Democracy dissolving: eight strategies designed to ‘rig’ the electoral system
The upturn noted in the city of Birmingham’s governance is being achieved despite serious funding cuts. It is reported that most of the extra cash set aside to help councils to cope with funding changes – ‘transitional grants’ – are going to Conservative areas.
This move appears to add an eighth strategy designed to ‘rig’ the electoral system to the seven listed by Jeremy Corbyn in his Fabian Society address – all designed to enable the party, with its narrow majority and drastically falling membership, to hold on to power, by weakening opposition inside and outside parliament.
The Birmingham Post records a visit by most of the city’s MPs to enlighten Local Government Secretary Greg Clark (Department for Communities and Local Government) about the effect the cuts would have on Birmingham.
Most of the extra cash set aside to help councils cope with funding changes is going to Conservative areas.
Labour MP Steve McCabe (Selly Oak) said: “It’s an outrage that while Birmingham is coping with the biggest cuts in our history the Government has decided to give millions of extra funding to wealthy areas like Buckinghamshire.”
Local Government Secretary Greg Clark told MPs the “transitional grant” would be targeted at councils which suffer the “sharpest reductions” in the revenue support grant received from central government, but figures published by the Department for Communities and Local Government show that none of this grant is going to the major towns and cities of the West Midlands, even though they face major cuts to their grant.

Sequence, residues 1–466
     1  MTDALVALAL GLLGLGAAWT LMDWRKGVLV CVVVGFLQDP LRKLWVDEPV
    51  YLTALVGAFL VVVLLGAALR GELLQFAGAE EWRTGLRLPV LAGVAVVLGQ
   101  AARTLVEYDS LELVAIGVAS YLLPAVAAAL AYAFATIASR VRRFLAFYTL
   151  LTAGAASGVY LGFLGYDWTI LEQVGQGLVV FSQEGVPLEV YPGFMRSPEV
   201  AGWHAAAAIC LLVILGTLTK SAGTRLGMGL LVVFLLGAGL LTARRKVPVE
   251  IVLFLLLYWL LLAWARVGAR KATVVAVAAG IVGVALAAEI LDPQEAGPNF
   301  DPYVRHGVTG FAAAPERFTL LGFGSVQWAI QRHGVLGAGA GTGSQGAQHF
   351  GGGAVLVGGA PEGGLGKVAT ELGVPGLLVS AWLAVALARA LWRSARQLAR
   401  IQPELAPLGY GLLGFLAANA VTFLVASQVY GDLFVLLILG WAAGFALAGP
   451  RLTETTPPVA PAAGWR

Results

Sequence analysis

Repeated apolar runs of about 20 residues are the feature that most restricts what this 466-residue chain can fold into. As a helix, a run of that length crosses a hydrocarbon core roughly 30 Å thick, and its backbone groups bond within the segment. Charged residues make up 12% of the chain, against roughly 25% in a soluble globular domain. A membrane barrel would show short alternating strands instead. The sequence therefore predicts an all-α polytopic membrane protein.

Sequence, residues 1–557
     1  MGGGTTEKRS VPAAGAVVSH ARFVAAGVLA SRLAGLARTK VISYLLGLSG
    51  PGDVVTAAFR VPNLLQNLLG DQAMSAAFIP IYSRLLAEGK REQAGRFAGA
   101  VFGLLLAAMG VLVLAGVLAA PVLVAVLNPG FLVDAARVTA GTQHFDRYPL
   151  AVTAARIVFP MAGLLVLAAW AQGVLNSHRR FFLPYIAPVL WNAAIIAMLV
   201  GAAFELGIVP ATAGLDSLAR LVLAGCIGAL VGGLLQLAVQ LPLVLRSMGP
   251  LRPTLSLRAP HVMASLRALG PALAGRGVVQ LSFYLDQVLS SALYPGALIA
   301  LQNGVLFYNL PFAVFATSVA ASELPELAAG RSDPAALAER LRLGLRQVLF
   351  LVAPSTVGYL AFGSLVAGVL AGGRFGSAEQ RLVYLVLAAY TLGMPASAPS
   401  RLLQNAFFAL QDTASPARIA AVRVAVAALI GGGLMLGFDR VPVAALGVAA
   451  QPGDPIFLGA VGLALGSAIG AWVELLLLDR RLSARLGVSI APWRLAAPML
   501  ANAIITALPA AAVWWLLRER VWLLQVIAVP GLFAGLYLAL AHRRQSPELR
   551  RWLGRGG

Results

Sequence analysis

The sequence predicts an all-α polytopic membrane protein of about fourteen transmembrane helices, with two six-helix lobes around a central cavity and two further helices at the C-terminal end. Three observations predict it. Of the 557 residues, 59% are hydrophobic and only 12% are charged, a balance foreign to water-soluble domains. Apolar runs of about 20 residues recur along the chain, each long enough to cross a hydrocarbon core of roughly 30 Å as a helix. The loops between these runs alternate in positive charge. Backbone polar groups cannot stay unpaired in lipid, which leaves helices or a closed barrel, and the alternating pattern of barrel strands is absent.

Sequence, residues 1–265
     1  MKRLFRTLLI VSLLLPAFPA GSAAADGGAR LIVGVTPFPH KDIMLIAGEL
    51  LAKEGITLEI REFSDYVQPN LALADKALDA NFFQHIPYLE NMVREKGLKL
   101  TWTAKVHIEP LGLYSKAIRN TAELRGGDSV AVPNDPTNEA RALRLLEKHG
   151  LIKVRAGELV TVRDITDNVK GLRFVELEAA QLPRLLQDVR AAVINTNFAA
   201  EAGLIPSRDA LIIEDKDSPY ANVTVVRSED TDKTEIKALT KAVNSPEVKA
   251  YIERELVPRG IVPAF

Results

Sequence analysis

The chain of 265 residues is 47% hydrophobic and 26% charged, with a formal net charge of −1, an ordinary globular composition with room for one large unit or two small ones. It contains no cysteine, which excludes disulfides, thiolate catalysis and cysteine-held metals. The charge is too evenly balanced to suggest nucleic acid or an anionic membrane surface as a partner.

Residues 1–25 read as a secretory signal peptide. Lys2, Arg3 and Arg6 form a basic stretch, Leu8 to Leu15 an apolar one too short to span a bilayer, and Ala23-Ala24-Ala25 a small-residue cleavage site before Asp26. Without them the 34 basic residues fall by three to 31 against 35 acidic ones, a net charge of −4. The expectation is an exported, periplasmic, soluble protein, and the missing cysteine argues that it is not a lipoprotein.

Cash from the transitional grant is going to outer London boroughs such as Conservative led Bromley, which receives £4.2 million in transitional funding over two years; Conservative-led Kingston-upon-Thames receives £2.6 million. Havering, where Conservatives are the largest group, receives £2.8 million; Outer-London Sutton, gets £2.6 million; Conservative-led Buckinghamshire receives £9.2 million and Oxfordshire County Council, which covers the Prime Minister’s Witney constituency, will receive an extra £9 million over the next two years.
But Birmingham, Dudley, Walsall, Sandwell, Coventry and Wolverhampton get nothing.
However, the Labour Party membership doubled since the May and has continued to increase. It is seizing the opportunity ‘to breathe life into all sections of the party and draw on the collective wisdom of all’ as Jeremy Corbyn told the Fabian Society audience. His advice:
“Let’s work together to create and deliver a fairer Britain”.
Posted on February 14, 2016, in Democracy undermined, Devolution, Economy, Finance, Government, MPs, Parliamentary failure, Planning, Politics, Vested interests and tagged Birmingham, Conservative areas, Fabian Society, Jeremy Corbyn, Local Government Secretary Greg Clark, revenue support grant, transitional grant. Bookmark the permalink. Leave a comment.